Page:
Jon interrupts the fun, though as the King in the North takes Dany down in a cave below Dragonstone. There the two take in a series of cave paintings made by the Children of the Forest. The paintings depict the Children and the First Men fighting the White Walkers. Of course, Jon could have drawn those White Walkers right before Dany came in, but we are going to believe they were there already. The flirtation level between the two monarchs was at a 9 though, especially when you consider Jon loves taking women into caves.

Dany promises that she will fight the White Walkers with Jon if he would only bend the knee. Jon painfully refuses, and it seemed to be less out of pride and more out of pragmatism. Jon believes the lords of the North would disown him if he swears fealty to Daenerys. He’s probably not wrong. Anyways, they table the discussion for now. Bad news has arrived.

Word reaches Dany of the disaster at Casterly Rock and the elimination of House Tyrell. Dany is fuming in this moment, and aims a bit of her fury in Tyrion’s direction, implying that Tyrion’s plans might be designed to spare House Lannister. It’s hurtful, but perhaps true to a degree. Even more stunning though, is Dany’s request for advice from Jon. It appears their relationship is growing deeper by the day. Dany is in favor of unleashing her dragons, something everyone advises against. Guess we’ll see.

Next up, Davos and Jon take a long leisurely walk and discuss matters among themselves. Davos is curious about Jon’s feelings towards Dany, and his remark about Jon always staring at her “heart” was quite clever. Their walk is interrupted, however, as Theon has returned to Dragonstone. Jon nearly throttles Theon but stops for Sansa’s sake. Poor Theon can’t catch a break.

Before we hit the main event, we have one last stop to make. Back in Winterfell, Arya wanders into the courtyard as Brienne is beating the tar out of poor Podrick. Wanting to test herself, or perhaps to put everyone on notice, Arya challenges Brienne to a fight. It might seem like a mismatch on paper, but Arya is a pint sized little ninja at this point, and manages a draw against the brute force that is Brienne. It’s a wonderful fight scene, that ends with Arya declaring that “no one” trained her.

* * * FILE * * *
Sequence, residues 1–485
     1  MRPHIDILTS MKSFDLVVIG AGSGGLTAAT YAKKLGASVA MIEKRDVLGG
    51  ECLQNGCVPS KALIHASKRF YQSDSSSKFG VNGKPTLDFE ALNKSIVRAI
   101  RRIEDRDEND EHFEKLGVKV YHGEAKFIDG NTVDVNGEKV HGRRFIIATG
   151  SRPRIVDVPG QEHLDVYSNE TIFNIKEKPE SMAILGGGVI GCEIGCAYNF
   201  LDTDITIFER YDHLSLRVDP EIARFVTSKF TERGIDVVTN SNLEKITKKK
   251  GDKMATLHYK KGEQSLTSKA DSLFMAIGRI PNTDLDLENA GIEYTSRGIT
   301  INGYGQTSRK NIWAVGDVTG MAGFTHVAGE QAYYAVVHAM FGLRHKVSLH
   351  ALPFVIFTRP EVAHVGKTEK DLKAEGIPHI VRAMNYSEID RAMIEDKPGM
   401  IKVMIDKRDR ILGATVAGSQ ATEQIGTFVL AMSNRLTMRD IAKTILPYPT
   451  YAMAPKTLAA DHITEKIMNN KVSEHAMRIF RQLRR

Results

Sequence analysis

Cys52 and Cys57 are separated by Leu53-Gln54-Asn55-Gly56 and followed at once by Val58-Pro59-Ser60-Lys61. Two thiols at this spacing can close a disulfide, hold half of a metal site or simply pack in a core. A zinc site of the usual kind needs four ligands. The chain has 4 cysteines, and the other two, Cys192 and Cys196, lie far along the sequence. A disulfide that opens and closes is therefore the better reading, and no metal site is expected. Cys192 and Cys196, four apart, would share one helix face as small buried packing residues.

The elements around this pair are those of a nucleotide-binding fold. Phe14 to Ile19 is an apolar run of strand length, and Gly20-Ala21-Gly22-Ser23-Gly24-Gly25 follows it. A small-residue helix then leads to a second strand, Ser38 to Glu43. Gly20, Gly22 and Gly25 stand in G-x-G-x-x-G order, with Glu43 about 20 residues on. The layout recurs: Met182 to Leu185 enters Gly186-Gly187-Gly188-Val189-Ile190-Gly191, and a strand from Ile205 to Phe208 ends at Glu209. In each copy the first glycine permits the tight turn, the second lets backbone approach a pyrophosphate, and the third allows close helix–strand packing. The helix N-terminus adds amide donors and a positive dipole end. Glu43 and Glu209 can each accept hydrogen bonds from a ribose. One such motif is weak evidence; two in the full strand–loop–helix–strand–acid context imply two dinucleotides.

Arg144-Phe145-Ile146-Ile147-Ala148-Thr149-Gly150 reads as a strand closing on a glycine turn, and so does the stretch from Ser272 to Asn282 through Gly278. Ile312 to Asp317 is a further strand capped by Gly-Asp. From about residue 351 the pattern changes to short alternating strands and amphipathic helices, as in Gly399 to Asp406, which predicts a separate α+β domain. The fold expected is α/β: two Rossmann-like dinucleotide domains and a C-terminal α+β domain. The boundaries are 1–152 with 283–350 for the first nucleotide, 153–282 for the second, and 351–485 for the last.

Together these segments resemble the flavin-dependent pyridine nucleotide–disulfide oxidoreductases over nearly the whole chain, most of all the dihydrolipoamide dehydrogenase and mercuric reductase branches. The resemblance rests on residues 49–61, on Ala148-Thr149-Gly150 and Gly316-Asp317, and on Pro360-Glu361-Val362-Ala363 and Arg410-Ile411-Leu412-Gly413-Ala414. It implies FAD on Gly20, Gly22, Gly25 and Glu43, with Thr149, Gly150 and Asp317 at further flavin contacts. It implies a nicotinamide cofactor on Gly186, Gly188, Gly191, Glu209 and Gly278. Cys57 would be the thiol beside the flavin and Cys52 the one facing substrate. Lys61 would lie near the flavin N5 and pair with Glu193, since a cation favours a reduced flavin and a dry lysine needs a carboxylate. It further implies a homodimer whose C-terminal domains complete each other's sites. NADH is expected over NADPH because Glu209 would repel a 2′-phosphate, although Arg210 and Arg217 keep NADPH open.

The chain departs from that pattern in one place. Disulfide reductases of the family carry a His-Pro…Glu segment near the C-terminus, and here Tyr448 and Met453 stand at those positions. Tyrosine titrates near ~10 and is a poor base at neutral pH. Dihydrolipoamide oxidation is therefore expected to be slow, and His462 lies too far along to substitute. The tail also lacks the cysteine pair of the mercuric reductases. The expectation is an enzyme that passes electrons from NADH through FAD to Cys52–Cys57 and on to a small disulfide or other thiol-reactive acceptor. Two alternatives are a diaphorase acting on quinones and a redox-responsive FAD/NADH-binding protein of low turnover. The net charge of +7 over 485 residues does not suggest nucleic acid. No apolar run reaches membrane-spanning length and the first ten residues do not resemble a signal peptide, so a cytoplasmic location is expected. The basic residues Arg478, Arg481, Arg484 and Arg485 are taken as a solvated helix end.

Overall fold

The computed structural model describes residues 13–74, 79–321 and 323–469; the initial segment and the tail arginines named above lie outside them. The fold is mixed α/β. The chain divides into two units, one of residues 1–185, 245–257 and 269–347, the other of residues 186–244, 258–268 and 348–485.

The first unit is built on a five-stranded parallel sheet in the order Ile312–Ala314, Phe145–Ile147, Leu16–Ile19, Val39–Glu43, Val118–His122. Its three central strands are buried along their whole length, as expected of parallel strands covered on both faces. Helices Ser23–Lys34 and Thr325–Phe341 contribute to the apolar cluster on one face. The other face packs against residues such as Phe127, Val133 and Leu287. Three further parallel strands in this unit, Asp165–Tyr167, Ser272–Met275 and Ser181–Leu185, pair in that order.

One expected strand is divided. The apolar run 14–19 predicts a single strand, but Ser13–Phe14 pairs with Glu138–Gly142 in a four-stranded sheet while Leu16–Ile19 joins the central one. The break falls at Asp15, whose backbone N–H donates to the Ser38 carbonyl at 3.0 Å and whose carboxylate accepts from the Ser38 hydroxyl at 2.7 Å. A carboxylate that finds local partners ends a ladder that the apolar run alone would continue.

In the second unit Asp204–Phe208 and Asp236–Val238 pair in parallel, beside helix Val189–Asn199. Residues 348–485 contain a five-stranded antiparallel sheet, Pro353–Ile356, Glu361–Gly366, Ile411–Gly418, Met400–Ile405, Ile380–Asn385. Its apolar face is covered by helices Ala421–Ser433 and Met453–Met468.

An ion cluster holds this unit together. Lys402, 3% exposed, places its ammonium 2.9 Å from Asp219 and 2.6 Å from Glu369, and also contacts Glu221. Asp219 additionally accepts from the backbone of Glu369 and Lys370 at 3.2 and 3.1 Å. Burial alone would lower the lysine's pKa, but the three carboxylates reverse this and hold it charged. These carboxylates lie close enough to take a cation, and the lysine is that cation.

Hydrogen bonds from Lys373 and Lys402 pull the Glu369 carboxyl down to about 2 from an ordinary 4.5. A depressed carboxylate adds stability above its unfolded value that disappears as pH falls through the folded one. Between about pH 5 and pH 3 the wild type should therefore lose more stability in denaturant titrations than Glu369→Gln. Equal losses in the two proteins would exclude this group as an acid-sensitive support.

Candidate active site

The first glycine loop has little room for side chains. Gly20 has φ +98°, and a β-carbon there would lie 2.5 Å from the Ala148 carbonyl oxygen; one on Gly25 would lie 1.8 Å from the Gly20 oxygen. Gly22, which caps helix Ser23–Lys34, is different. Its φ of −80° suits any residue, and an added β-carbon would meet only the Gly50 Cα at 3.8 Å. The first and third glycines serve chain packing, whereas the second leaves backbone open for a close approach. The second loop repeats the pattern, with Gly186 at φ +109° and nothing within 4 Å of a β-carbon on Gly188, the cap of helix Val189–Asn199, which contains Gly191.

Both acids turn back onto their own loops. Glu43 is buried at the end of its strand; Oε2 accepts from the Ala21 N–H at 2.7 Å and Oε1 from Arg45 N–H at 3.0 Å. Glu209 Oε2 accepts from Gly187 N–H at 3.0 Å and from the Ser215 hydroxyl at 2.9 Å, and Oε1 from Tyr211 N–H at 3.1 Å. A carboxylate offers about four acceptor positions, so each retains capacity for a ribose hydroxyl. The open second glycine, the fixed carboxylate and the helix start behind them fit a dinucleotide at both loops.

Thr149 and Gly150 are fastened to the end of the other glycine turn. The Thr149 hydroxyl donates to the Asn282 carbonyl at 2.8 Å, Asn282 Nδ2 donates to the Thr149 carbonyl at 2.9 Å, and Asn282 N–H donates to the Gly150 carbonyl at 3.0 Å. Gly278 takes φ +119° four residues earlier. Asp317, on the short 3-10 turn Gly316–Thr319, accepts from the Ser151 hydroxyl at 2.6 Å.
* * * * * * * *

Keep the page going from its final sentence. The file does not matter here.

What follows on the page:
But now it’s time for your hair to be blown back. Or in this case, set on fire. As we warp back to Jaime and the Lannister forces, things are going well enough for about ten seconds. After Randyll rides off to whip some peasants, Jaime, Bronn and Dickon have a rather pleasant conversation. The peaceful mood does not last though, as the group starts to notice something that sounds like thunder. Our words will be insufficient to describe what comes next, but we will try.

Jaime quickly realizes the danger they are about to face and orders the Lannister forces into formation. When the Dothraki crest over the hill, the Lannister forces begin to literally shake in their boots. When Drogon comes swooping down out of the clouds, we’re pretty more than a few of them wet their britches. We know we did.

For there, the battle descends into pure chaos. Drogon and Dany sweep around the battle burning Lannister soldiers to ash at will. It’s at once both awe inspiring and horrifying. Jaime attempts to counter with archers, which have no effect on Drogon. Jaime and Bronn quickly realize they are in deep trouble, but thankfully brought one of Qyburn’s giant ballista with them.

Bronn manages to unfurl the weapon and takes a pot shot at Drogon that misses, but also get’s Dany’s attention. As the world burns around him, Bronn reloads the weapon and readies for the kill shot. Drogon complies by flying right at Bronn, who nails Drogon right in the shoulder with the spear. Drogon’s cries and his painful plummet towards the ground were hard to watch, but luckily the dragon levels out and lands on the edge of a nearby lake. Drogon proceeds to smash the ballista to pieces in an angry fury.

As Tyrion watches from afar, Jaime attempts to end the whole war single handily (get it?). Noticing Dany is vulnerable as she attempts to pull the spear from Drogon’s shoulder, Jaime snatches up a spear of his own and charges towards Dany. For a half second, it looks as if it’s going to work. Sadly for Jaime, Drogon does not take kindly to anyone attempting to murder his mother. Drogon quickly unleashes g a fireball, and Jaime appears doomed. Someone that looked an awful lot like Bronn knocks Jaime into the lake, and the episode closes to black as Jaime sinks to the bottom, weighed down by his armor.

Next: Will Jon Snow ever trust Theon Greyjoy again?

Top to bottom, one of the best episodes of the series. From its quiet moments that left us smiling, to the epic battle scene to close it out, “The Spoils of War” is a showcase episode for the series. If the final three episodes of season 7 are half as good, we are in for quite a ride.